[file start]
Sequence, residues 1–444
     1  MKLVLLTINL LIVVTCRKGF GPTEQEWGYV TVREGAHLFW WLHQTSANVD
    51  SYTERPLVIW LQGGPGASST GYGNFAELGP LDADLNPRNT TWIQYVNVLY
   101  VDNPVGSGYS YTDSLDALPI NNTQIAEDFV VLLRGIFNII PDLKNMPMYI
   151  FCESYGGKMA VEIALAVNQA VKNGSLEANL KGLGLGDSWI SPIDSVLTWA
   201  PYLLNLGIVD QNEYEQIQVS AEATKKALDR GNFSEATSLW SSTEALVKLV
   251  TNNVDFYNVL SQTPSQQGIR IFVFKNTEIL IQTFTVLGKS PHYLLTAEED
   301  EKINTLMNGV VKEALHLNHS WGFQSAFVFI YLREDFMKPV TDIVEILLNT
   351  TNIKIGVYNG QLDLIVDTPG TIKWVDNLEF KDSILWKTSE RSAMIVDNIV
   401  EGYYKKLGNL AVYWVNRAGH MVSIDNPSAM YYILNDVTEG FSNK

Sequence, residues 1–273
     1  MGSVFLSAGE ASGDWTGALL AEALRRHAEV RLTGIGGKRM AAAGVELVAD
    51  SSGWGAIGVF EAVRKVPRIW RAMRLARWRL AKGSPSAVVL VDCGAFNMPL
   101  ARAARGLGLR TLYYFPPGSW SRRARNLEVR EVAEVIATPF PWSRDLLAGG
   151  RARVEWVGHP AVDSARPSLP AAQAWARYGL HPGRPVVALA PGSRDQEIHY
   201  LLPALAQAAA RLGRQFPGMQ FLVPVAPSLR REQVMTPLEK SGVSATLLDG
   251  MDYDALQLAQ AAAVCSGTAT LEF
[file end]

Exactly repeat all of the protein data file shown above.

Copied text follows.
Sequence, residues 1–444
     1  MKLVLLTINL LIVVTCRKGF GPTEQEWGYV TVREGAHLFW WLHQTSANVD
    51  SYTERPLVIW LQGGPGASST GYGNFAELGP LDADLNPRNT TWIQYVNVLY
   101  VDNPVGSGYS YTDSLDALPI NNTQIAEDFV VLLRGIFNII PDLKNMPMYI
   151  FCESYGGKMA VEIALAVNQA VKNGSLEANL KGLGLGDSWI SPIDSVLTWA
   201  PYLLNLGIVD QNEYEQIQVS AEATKKALDR GNFSEATSLW SSTEALVKLV
   251  TNNVDFYNVL SQTPSQQGIR IFVFKNTEIL IQTFTVLGKS PHYLLTAEED
   301  EKINTLMNGV VKEALHLNHS WGFQSAFVFI YLREDFMKPV TDIVEILLNT
   351  TNIKIGVYNG QLDLIVDTPG TIKWVDNLEF KDSILWKTSE RSAMIVDNIV
   401  EGYYKKLGNL AVYWVNRAGH MVSIDNPSAM YYILNDVTEG FSNK

Sequence, residues 1–273
     1  MGSVFLSAGE ASGDWTGALL AEALRRHAEV RLTGIGGKRM AAAGVELVAD
    51  SSGWGAIGVF EAVRKVPRIW RAMRLARWRL AKGSPSAVVL VDCGAFNMPL
   101  ARAARGLGLR TLYYFPPGSW SRRARNLEVR EVAEVIATPF PWSRDLLAGG
   151  RARVEWVGHP AVDSARPSLP AAQAWARYGL HPGRPVVALA PGSRDQEIHY
   201  LLPALAQAAA RLGRQFPGMQ FLVPVAPSLR REQVMTPLEK SGVSATLLDG
   251  MDYDALQLAQ AAAVCSGTAT LEF